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Selling US Goods and Services in the EU

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MR-183/ Fighting Late Payments in the EU

Many payments in commercial transactions are delayed or late, resulting in losses to businesses especially small-and-medium-sized enterprises (SMEs). According to the European Commission (EC) this costs Europe 450,000 jobs and $32 billion every year. This report explains the rules and protection mechanisms introduced by Directive 2011/7/EU on combating late payment in commercial transactions that is designed to alter the late payment culture in Europe. The Directive applies to all commercial transactions in business-to-business (B2B) and in public-authorities-to-business (PA2B) but does NOT apply to business-to-consumer (B2C) transactions. U.S. businesses should take this Directive into account for all the contracts they sign that fall under a European country’s law.

MR-161/ VAT impact on US businesses

This report provides an overview of the EU’s VAT rules and how they impact U.S. exporters of goods and services to the EU.  VAT is a consumption tax that is charged on most goods and services sold in the EU.  The lists of VAT exemptions are defined by the individual EU Member States and thus vary from country to country.  While the guidelines for VAT policy are set at the EU level, the Member States implement, administer and enforce the rules. Therefore, while the EU sets minimum rates, Member States define their own VAT rates, which currently vary between 17%-27%.  Member States, at their discretion, may apply reduced rates for specific goods and services, or even temporary derogations.  This report focuses on the basic set of principles that will help U.S. companies understand and navigate the VAT system.

MR 130/ Understanding EU Customs

Member States of the European Union operate one common customs union with a common tariff system for third country operators. Trade between member states is free of tariffs. The Union Customs Code (UCC) which is the legislative background to the customs proceedings can be found in Regulation 952/2013. UCC entered into force in October 2013 and its main provisions apply from May 1, 2016. In addition to the main Regulation, there are two other policies: a Delegated and an Implementing Act that detail the actual procedures, the forms and the required documentation of importers and exporters.

The Union Customs Code's Implementing Act specifies the procedural rules for some of its elements. It intends to ensure the existence of uniform conditions for the implementation of the UCC and a harmonized application of procedures by all Member States. The delegated act  establishes transitional rules for operators and customs authorities pending the introduction of new IT systems to create a fully electronic customs environment. These three legislations replace the previous Regulation called Modernized Community Customs Code (MCCC) which was in place from 2008 and signal a complete a shift to fully electronic customs procedures.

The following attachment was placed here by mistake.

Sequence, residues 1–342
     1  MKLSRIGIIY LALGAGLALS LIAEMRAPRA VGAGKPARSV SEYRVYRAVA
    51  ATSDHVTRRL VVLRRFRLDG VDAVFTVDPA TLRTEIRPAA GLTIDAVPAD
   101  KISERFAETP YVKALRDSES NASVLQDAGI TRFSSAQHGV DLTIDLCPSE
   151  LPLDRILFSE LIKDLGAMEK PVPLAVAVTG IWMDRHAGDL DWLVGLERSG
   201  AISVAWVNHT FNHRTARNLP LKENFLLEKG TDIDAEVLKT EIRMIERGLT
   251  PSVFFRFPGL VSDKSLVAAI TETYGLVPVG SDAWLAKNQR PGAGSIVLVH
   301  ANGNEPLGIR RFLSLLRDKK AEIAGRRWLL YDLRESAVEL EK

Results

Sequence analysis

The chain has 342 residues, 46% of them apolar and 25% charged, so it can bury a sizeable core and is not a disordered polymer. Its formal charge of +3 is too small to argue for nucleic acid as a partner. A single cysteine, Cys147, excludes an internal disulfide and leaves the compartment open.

MR-109/ The New Machine Directive

Machines are subject to product safety requirements in the European Union. At the end of 2009, the legislation currently in force (Directive 98/37/EC) will be replaced by the recently adopted "New Machinery Directive" 2006/42/EC. This report will focus on the steps to comply with the new machinery directive, highlighting some of the changes compared to the existing legislation. Manufacturers who already sell on the EU market will want to consider the implications of the new machinery directive for their product.

MR-103/ European Union: EU Marking, Labeling and Packaging- An Overview

There is a broad array of EU legislation pertaining to the marking, labeling and packaging of products, with neither an “umbrella” law covering all goods nor any central directory containing information on marking, labeling and packaging requirements. This overview is meant to provide the reader with a general introduction to the multitude of marking, labeling and packing requirements or marketing tools to be found in the EU.

MR-117 / E-commerce with the EU

This report will address the range of regulatory issues that should be taken into account by US companies wanting to do business with EU customers over the Internet. It consists of a series of paragraphs addressing various aspects of EU law that affects e-commerce. Of necessity, this report is a high-level summary. In all cases, links are provided to Web addresses that provide more complete information. The summary below is intended as an aid only. E-commerce is one of the most lightly regulated areas of the EU economy. The legal framework is relatively consistent across the EU; as a result, it should be a major motor of transatlantic trade.


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